Choosing funeral flowers


When planning the funeral of your loved one our Funeral Arrangers will ask if you would like any flower displays to place on or around the casket and in the church or crematorium.

In many cultures and religions floral tributes are a traditional way to pay tribute to the deceased, but there are no rules and it is a personal choice.

If you would like a floral tribute, our Funeral Arrangers can discuss options with you and organise on your behalf or you may wish to liaise with a local florist direct.

Flowers and their meanings

Funeral flowers can be very personal and displays can be designed to reflect the life and personality of your friend or family member, perhaps featuring their favourite colour or bloom.

If you are finding it difficult to make a choice at this sad time it can be helpful to know certain flowers and their colours carry symbolic meaning, as below:

  • White lilies – innocence and purity
  • Red roses – love and happiness
  • Carnations – remembrance and admiration
  • Orchid –  eternal love
  • Marigold – eternal devotion

Different types of floral displays

There are several different types of funeral floral arrangements to consider:

  • Casket sprays – traditionally chosen by immediate family members, these large, diamond-shaped displays are placed on the top of the coffin
  • Floral sprays – designed to lay flat, the spray is perfect to position next to the coffin in the funeral car or at the burial site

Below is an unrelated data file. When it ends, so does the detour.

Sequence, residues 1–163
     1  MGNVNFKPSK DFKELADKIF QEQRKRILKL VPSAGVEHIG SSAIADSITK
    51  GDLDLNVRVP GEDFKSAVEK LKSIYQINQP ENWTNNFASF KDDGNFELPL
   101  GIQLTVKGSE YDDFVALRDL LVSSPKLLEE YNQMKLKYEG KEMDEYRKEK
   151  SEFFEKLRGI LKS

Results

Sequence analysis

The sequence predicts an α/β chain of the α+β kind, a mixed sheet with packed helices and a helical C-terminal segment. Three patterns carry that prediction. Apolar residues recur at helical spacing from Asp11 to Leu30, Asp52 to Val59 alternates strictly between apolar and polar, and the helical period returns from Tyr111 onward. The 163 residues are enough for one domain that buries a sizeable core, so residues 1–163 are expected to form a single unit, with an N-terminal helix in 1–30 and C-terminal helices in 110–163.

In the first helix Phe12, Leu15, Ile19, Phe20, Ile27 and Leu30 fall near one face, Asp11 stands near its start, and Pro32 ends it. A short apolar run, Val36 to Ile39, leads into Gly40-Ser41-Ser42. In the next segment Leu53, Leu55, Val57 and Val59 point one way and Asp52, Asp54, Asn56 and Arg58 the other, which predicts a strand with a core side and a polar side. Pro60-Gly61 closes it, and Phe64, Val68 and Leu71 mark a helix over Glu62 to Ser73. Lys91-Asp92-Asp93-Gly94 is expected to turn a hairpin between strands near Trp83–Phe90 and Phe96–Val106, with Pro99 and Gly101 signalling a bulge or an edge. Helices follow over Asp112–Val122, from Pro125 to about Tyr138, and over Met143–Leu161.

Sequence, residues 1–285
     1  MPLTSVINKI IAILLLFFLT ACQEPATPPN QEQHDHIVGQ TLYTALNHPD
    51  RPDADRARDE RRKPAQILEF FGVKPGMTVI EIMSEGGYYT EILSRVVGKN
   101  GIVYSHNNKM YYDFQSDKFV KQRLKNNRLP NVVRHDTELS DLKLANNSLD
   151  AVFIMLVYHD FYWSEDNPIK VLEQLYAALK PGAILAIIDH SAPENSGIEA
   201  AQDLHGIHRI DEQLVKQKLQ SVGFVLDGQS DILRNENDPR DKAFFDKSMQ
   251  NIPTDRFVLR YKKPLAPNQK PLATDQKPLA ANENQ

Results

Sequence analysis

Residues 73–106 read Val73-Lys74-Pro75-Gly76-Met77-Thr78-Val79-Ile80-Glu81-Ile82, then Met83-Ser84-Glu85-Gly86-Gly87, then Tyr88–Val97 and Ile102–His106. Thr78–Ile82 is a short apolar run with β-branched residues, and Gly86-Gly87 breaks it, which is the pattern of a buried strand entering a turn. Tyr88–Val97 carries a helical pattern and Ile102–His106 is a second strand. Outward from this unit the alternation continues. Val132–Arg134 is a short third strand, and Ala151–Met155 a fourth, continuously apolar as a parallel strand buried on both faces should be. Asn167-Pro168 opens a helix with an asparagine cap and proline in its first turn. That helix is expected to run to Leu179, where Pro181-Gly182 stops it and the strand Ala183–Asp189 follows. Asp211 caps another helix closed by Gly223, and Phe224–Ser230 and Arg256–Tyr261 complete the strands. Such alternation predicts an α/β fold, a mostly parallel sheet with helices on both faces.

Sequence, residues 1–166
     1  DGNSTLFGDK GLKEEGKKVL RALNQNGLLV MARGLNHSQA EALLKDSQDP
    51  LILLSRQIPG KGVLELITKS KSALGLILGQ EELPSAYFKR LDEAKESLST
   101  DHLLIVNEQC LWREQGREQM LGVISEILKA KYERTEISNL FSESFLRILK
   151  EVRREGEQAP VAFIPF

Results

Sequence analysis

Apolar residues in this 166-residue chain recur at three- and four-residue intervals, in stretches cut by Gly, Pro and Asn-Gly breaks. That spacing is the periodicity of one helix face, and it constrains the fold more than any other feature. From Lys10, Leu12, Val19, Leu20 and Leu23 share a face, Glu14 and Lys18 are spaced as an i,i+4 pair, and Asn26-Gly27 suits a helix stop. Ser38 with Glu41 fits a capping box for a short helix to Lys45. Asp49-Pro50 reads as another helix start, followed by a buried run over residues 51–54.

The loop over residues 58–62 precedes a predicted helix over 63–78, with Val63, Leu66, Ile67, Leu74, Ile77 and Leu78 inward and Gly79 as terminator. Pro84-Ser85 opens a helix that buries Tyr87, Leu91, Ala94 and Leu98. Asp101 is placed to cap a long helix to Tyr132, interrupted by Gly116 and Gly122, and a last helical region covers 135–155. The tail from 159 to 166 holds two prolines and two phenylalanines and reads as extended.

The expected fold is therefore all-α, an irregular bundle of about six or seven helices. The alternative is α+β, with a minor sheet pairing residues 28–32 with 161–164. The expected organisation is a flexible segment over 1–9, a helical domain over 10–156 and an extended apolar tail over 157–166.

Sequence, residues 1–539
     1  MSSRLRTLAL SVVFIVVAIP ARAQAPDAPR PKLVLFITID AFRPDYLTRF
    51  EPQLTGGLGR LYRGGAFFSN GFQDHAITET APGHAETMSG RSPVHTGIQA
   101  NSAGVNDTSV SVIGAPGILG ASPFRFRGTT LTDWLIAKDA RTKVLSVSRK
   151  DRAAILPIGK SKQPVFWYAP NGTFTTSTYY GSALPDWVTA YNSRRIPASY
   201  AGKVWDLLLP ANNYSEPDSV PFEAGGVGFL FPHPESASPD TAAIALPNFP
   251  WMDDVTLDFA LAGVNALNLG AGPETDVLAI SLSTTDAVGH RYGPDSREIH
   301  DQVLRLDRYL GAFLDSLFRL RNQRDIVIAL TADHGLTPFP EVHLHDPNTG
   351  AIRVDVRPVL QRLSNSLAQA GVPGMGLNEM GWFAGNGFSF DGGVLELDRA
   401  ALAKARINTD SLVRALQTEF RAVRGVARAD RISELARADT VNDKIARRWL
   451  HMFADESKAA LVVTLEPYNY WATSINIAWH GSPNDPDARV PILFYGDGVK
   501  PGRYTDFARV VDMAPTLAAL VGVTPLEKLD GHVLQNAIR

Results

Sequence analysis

• Wreaths – a circular flower design which can be propped up against the coffin or laid flat. A popular choice as a circle symbolises infinity which can be interpreted as never-ending love or the cycle of death and rebirth depending on religious beliefs
  • Hearts or cushions – heart-shaped or rectangular designs often chosen by close relatives
  • Posie or basket – dome-shaped design, a popular choice as a gift from younger relatives
  • Bespoke – florists are very talented and can create bespoke designs to reflect the life of your loved one, from letters spelling out a name to footballs and butterflies – anything is possible, even a display shaped like a cat or dog!

Don’t forget to also include a sympathy card with your flowers; giving a message of condolence or remembrance helps provide comfort.

Funeral flower etiquette

Funeral flower customs vary between different cultures and religions. Below is a guide to gifting flowers depending on the funeral ceremony:

  • Christian and Catholic funerals – welcome flower arrangements
  • Hindu funerals – accept flowers but it is more common to wear flower garlands
  • Muslim funerals – it is considered good manners to ask for consent from family members before sending flowers
  • Jewish funerals – it is not customary to send flowers to the family during ‘Shiva’ which is the 7-day period after the funeral

It is worth remembering that some families may ask for charitable donations instead of flowers and it is good etiquette to respect the family’s wishes. The family’s preferences and charity details will normally be included within funeral announcements.

We can help you with all your funeral planning arrangements